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Remembering Manzanar.

MORE THAN 20 YEARS AGO, a Buddhist priest and a Christian minister traveled 200 miles east from Los Angeles to a desolate spot in the desert. They had been making this same but separate journey each Memorial Day for years. Although unknown to each other, both came for the same reason: to remember the dead buried at Manzanar, California.

One Memorial Day, as they stood as strangers near the cemetery, they began a conversation. This initial talk led to an annual pilgrimage, an event that eventually drew hundreds of people. The pilgrims were Japanese-Americans, just like the Buddhist priest and the Christian minister, who spent World War II trapped behind barbed wire, watched over by sentries on U.S. soil.

Last year Manzanar became part of the National Park System as a national historic site. Congress approved the designation on March 3, 1992, just two weeks after the 50th anniversary of Executive Order 9066--a decree signed by President Franklin D. Roosevelt on February 19, 1942, allowing the forced "evacuation" of more than 110,000 Japanese-Americans living on the West Coast, two-thirds of whom were American citizens.

One of ten relocation camps established by the U.S. government, Manzanar held more than 10,000 people at its peak, 80 percent of them from southern California. Motivated by racism and the fear that any city on the West Coast could become the next Pearl Harbor, the federal government engaged in action that 40 years later would be recognized as a gross abuse of civil rights without military justification.

Both the Buddhist priest and the Christian minister, who would later die within one year of each other, wanted to remember what had happened there. "They were concerned that someone should keep coming and remember that people were buried there," says Sue Embrey, founder and president of the Manzanar Committee. "They suggested the first pilgrimage, and we have been doing them ever since." The first one was in 1969, and since 1973 the pilgrimages have taken place on the last Saturday of April. Those interested in remembering the story or learning about it have traveled to Manzanar each year, helping to draw attention to the camp and to the circumstances that permitted the exclusion to happen.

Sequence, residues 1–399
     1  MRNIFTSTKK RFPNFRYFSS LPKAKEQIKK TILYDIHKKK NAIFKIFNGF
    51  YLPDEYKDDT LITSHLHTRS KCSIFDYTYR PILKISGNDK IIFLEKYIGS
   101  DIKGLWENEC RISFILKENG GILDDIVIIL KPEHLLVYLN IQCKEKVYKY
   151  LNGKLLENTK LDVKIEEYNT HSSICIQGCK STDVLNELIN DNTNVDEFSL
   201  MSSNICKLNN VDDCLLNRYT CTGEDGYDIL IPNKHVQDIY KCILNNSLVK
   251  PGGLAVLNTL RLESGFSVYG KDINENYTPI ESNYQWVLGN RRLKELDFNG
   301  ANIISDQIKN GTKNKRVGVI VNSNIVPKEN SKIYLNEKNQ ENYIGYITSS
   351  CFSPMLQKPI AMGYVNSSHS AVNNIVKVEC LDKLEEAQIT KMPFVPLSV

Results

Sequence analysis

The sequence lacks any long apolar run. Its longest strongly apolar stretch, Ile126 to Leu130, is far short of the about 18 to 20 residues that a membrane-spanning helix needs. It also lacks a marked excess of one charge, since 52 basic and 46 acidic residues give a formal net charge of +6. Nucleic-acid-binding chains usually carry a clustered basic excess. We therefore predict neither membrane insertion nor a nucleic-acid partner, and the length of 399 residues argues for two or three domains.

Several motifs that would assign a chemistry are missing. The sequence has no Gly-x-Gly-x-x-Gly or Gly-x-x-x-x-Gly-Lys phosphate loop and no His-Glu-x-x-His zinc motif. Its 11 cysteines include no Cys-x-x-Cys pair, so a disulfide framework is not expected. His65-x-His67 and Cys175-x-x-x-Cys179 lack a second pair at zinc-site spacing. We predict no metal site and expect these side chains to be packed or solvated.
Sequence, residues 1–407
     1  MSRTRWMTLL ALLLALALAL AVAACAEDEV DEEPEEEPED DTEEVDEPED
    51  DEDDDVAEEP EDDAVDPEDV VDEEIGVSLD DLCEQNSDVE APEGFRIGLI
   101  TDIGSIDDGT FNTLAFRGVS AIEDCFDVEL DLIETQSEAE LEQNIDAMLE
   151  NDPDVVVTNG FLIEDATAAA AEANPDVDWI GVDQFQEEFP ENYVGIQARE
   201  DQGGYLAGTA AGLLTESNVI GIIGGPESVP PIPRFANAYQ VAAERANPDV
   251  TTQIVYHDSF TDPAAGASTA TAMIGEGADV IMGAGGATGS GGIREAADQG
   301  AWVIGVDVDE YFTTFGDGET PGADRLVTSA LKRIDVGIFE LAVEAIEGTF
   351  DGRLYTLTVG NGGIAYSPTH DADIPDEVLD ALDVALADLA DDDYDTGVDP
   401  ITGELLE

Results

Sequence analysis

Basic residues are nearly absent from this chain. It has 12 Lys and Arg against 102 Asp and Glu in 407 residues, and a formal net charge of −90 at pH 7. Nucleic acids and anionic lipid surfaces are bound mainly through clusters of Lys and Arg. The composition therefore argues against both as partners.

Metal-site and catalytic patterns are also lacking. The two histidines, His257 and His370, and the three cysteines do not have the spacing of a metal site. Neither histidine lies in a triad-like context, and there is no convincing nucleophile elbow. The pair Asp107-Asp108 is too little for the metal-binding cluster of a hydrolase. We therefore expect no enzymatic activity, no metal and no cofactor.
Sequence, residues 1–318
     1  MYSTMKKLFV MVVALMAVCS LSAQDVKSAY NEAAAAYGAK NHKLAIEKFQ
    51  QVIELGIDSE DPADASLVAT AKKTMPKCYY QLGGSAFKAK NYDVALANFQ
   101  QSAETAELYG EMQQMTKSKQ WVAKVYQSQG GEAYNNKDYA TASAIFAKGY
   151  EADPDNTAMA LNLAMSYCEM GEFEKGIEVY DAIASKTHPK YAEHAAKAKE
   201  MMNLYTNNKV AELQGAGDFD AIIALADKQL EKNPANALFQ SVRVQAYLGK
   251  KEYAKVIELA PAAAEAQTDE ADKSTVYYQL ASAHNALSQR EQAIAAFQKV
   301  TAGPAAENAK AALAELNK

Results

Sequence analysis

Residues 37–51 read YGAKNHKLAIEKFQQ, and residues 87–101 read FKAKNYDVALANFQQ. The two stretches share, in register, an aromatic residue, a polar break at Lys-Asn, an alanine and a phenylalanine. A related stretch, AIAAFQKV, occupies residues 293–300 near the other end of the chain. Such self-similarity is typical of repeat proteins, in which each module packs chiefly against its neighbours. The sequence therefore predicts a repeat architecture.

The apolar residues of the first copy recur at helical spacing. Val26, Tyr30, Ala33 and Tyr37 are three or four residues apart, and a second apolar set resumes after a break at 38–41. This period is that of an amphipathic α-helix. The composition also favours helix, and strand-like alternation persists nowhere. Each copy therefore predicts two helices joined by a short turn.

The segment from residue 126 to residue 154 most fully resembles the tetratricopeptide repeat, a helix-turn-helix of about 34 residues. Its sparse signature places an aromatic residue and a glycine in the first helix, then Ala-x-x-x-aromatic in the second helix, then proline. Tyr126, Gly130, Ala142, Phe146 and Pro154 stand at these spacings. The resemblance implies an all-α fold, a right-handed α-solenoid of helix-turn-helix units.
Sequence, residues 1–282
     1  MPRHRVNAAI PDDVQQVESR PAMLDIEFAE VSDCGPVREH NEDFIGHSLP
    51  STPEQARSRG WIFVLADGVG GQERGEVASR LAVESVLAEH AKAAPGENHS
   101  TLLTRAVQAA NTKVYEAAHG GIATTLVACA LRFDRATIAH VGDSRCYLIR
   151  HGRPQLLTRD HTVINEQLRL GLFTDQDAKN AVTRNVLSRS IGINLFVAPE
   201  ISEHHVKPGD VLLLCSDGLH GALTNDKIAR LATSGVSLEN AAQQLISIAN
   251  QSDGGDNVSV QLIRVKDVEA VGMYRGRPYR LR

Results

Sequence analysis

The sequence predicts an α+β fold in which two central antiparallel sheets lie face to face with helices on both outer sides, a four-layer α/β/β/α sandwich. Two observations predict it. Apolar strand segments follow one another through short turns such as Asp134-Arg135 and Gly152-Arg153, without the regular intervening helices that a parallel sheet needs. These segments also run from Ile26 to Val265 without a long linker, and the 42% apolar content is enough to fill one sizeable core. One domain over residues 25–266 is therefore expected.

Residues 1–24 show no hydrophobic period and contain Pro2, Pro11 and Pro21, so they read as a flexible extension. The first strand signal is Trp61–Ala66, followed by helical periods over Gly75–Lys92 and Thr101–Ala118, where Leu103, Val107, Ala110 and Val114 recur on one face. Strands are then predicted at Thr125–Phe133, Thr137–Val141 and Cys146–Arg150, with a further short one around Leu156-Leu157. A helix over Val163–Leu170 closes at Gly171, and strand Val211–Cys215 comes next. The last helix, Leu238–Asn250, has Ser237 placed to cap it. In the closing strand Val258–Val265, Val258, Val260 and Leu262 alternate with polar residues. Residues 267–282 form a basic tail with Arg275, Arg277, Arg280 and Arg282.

"Manzanar is a symbolic reminder that a nation of laws needs constantly to honor the concept of freedom and the rights of its citizens," said David J. Simon, natural resources program manager for the National Parks and Conservation Association, in testimony before Congress last year.

The National Park Service and NPCA have both long supported the addition of Manzanar to the park system, and the designation recognizes the historic importance of this home-front war experience. The significance lies not only in the personal loss and economic misfortune Manzanar represents, but also in the obvious and gross abuse of the U.S. Constitution and the Bill of Rights.

"Nations should and do use history to celebrate great achievements," says Jerry Rogers, NPS associate director of cultural resources. "But the greatest nations use history as a reminder that we can, and should, do better."

Explaining Executive Order 9066 requires an understanding of the anti-Asian feeling that pervaded the West Coast earlier this century, a feeling that was deeply ingrained by the time planes flying for the Emperor of Japan surprised the U.S. Navy at Pearl Harbor.

When Japanese immigrants began arriving in the United States in the 1880s, Americans eager for cheap labor welcomed the influx. In the first eight years of the 20th century, 135,000 Japanese had arrived, many settling in California. The number and the concentration proved too great for politicians, labor leaders, and newspaper publishers, who began an active campaign against further immigration.

In 1908 President Teddy Roosevelt negotiated a "gentlemen's agreement" to limit the flow of Japanese people to the United States. In 1924 the United States prohibited Japanese immigration entirely and barred any Japanese who had entered the country before that time from becoming citizens, a prohibition that was not lifted until 1952.

The outbreak of the war with Japan in 1941 entangled Japanese immigrants in a Catch 22 that some would never be able to break. Barred from becoming U.S. citizens, many maintained citizenship with Japan for fear of becoming stateless. Because they did not relinquish their Japanese citizenship, they were suspected of being disloyal to the United States. Many Japanese immigrants also encouraged their American-born children to acquire dual citizenship to ensure that the children would gain any inheritance owed them by family remaining in Japan, an action also viewed with suspicion after the war began.